This poseur calls himself a cake artist

The Supreme Court has not received a number of well reasoned briefs in support of the Colorado Civil Rights Commission (Masterpiece Cakeshop v. Colorado CRC). One of the things that I have overlooked is that the compelled speech argument made by the religious fundamentalists doesn’t really work because of the lack of a government sponsored message.

This is a First Amendment case. There are two issues. The first is whether or not being required to provide a wedding cake for a gay couple is compelled speech which is dependent upon whether or not the cake is a work of art as art is understood in legal terms. The second is whether Colorado’s nondiscrimination law infringes on the baker’s right to free exercise of religion. The best legal arguments, in my opinion, are those that are concise and targeted.

Lambda Legal’s amicus brief is seemingly not one of those. It reads as if Lambda intentionally created a companion to the more targeted legal arguments. Lambda describes at length some of the discrimination that LGBT people encounter on a daily basis, even in progressive states like New York and California. In that regard it is required reading. It is also very sad that in the 21st century, as they describe:

Across America, LGBT people are subjected to
pervasive discrimination. This discrimination often
blindsides its targets, hitting without warning
during
the myriad transactions that make up daily life. As a
result, many LGBT people live defensively, always on
guard against the next humiliating, ostracizing
incident. From casual shaming to harassment to
outright refusals of service, the treatment visited
upon this minority effectively subordinates
to others’
biases
their freedom to live with equal dignity.

Whether
or not couched as religion
and/or
free
speech, discrimination against LGBT people inflicts
immediate and lasting harm. This is true regardless
of whether there are alternative accommodations
possibly available. In the aftermath
of discrimination,
victims often must redirect their energy from the
completion of ordinary daily tasks
—or
what should be
joyful, celebratory planning
for a significant life
event
—to recovery mode, focusing instead on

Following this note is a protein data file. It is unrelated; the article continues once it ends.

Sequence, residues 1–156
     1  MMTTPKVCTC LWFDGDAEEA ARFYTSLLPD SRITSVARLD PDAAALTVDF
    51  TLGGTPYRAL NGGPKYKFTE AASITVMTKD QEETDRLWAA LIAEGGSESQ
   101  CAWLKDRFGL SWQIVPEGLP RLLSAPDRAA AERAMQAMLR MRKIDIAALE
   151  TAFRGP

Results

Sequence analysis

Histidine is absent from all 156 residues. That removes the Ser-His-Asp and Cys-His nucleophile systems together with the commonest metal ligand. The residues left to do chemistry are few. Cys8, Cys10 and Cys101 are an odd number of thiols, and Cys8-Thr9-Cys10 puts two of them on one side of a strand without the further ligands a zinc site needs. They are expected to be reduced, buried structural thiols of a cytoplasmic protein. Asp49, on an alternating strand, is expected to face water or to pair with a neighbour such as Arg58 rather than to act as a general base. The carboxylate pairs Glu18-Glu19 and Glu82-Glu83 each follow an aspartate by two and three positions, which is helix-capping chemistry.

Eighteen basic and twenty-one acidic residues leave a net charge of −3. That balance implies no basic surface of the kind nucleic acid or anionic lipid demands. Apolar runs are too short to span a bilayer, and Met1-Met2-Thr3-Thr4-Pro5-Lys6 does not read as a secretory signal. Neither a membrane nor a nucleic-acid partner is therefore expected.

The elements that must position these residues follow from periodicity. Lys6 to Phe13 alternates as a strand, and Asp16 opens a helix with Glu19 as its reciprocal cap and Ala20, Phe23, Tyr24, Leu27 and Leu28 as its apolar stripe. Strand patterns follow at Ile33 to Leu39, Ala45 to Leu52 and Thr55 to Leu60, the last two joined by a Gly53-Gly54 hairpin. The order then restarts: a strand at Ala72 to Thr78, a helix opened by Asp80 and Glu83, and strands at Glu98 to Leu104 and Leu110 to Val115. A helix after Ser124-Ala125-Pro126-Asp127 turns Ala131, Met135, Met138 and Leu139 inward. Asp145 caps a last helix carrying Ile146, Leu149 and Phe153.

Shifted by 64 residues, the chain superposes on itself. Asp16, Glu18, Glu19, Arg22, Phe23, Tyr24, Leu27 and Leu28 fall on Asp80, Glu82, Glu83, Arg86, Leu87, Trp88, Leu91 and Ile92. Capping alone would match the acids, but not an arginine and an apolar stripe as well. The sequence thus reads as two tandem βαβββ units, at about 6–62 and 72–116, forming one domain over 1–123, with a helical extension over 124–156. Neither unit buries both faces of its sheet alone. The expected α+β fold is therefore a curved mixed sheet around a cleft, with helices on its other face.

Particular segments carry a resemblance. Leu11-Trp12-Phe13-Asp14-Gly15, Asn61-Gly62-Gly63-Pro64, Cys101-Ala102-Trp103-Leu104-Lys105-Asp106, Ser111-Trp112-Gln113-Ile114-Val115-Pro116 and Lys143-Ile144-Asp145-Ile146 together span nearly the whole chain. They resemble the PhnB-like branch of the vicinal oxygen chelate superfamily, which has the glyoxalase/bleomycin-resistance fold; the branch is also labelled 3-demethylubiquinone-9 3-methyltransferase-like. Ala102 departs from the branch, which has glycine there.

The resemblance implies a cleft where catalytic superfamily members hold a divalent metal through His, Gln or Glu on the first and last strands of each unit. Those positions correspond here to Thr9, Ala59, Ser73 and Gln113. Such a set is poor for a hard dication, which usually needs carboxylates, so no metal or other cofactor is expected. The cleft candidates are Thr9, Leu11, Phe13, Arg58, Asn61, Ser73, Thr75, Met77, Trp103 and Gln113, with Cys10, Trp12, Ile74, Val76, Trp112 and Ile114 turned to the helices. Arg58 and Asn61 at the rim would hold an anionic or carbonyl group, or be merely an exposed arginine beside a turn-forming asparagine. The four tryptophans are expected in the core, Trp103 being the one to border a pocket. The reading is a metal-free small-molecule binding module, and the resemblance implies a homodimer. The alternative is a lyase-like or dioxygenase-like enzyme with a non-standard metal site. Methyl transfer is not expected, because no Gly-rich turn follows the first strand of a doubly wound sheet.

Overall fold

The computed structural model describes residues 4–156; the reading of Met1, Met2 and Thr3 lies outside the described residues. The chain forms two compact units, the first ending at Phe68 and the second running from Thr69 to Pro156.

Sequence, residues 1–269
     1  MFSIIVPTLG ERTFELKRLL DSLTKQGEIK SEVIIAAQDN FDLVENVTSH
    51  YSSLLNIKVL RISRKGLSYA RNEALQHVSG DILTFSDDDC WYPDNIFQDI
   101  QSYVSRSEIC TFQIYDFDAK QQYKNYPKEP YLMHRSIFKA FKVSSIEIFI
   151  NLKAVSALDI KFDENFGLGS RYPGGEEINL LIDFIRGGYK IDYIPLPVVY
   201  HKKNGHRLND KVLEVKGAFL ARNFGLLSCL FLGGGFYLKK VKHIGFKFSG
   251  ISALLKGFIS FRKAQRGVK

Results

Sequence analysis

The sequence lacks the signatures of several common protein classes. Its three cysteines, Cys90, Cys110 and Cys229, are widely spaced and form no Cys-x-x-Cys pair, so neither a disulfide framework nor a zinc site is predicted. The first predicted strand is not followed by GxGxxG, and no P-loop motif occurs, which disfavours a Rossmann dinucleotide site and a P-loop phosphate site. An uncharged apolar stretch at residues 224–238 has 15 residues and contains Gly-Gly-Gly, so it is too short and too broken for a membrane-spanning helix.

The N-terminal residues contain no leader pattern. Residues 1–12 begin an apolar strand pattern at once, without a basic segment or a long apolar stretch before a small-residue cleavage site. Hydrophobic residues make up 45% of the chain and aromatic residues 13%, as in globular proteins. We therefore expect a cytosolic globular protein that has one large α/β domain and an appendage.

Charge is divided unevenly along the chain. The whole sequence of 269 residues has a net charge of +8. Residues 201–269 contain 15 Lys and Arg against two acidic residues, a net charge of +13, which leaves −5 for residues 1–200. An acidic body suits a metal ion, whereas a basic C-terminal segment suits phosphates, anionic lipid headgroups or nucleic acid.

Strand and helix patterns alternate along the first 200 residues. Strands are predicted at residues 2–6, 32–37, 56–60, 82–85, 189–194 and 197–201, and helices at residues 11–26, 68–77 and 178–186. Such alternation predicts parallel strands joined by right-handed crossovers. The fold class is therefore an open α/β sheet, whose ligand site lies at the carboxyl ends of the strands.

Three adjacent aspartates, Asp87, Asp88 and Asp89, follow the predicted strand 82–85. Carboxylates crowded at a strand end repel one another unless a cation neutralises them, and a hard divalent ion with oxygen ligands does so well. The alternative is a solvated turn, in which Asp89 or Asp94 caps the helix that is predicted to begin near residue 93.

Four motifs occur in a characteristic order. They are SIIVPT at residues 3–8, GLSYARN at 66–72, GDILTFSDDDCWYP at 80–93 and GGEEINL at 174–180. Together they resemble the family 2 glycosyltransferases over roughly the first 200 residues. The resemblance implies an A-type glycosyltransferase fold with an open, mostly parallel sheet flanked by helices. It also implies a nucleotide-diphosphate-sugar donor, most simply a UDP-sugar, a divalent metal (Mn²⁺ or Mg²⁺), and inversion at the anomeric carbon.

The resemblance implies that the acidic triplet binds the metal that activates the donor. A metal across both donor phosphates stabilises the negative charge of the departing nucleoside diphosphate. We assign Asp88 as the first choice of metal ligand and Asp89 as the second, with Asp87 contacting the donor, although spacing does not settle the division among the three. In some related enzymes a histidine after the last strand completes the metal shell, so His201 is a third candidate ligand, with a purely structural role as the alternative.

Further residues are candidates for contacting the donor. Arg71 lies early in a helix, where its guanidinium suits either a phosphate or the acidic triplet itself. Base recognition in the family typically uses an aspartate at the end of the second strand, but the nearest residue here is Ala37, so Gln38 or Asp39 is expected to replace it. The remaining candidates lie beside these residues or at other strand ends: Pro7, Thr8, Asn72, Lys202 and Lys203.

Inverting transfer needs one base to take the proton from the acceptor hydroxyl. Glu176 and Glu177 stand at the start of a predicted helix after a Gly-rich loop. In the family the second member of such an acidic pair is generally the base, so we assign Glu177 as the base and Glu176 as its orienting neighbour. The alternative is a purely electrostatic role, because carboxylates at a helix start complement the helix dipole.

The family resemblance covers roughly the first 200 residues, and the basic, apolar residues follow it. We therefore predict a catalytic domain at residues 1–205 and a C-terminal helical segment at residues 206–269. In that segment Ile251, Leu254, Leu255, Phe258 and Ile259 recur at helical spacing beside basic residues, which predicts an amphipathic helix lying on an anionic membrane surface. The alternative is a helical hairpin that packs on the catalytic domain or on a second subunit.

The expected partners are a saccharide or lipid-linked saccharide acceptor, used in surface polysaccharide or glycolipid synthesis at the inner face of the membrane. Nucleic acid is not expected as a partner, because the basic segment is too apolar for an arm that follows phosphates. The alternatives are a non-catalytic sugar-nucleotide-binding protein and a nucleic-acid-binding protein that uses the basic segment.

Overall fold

managing
the painful fall-out
of the discrimination.
Residual effects can include psychological and
physical health problems, as well as difficulties due to
delay or lack of appropriate alternatives.

Lambda goes on to cite a number of instances. These are stories that have never been made public before. For example:

J.M., an Alabama resident, faced discrimination
by a health care provider that took the form of
invasive, anti-gay proselytizing:

When my partner was a hospital
patient, he told the treating physician
he was gay on the first day of his
hospitalization.
The
physician
responded, “I’m sorry for that.” During
a subsequent hospitalization, he was
treated by the same physician. During
that stay an uninvited guest showed up
to the room to pray over my partner,
and the following day the physician left
a pamphlet on my partner’s tray that
said you must “repent and be filled
with the spirit or you will go to hell.”
The physician continued to question
my partner about his religion.

Or degradation in Chicago:

L.M., an African American gay journalist, was
reviewing a Chicago hotel for a magazine for LGBT
people of color. As he approached the front desk, he
“heard an older African American male employee
saying ‘fag,’ ‘fucking homo,’ and ‘he needs to find
another hotel because he ain’t staying here’ to his co-
worker.” L.M. Statement. As he explained, L.M. felt
deeply humiliated:

It wasn’t whispered but blatantly
directed towards to me. … When it was
my turn [at] … the front desk, … I
confronted him about those nasty
comments and he didn’t deny them.
The folks behind just continued to
laugh … Never have I felt so powerless
and vulnerable. That day stole a part of
me. … I began to lose my confidence,
self-worth and felt invisible to the
world. I shall never forget his face and
the sea of laughter from his audience.

Other examples of discrimination further
reinforce the diversity of settings in which same-sex
couples and their families are vulnerable. Consider
the series of rejections visited upon A.S. and R.S., a
married couple living outside Nashville, Tennessee.
When A.S. became pregnant, she wanted to deliver at
home with a midwife due to her medical history. They
investigated and made initial calls. But then,

excitement quickly turned to doubt,
embarrassment, and sadness when the
first midwife turned us down …
[saying] her midwifery practice was a
part of her ministry and therefore she
was not comfortable working with a
same-sex couple. While I had
experienced similar situations when
we were planning our wedding, this felt
more profound … it was now affecting
our child. As we … were turned down
by every midwife for the same reason, I
felt utterly powerless and began to
wonder if we would be able to find a
qualified provider at all. My access to
quality medical care, and that of our
unborn child, was greatly reduced
because of who I love. Our son was
discriminated against before he was
ever born.

There is much more. I encourage you to read the brief in full. I just noticed an email from Brian S. Brown titled: “NOM v Lambda Legal.” National Organization for Marriage has found another idiotic reason to ask for money. This has absolutely nothing to do with them.

If I feel up to it I might write about Brown’s email tomorrow.

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By David Cary Hart

Retired CEO. Formerly a W.E. Deming-trained quality-management consultant. Now just a cranky Jewish queer. Gay cis. He/Him/His.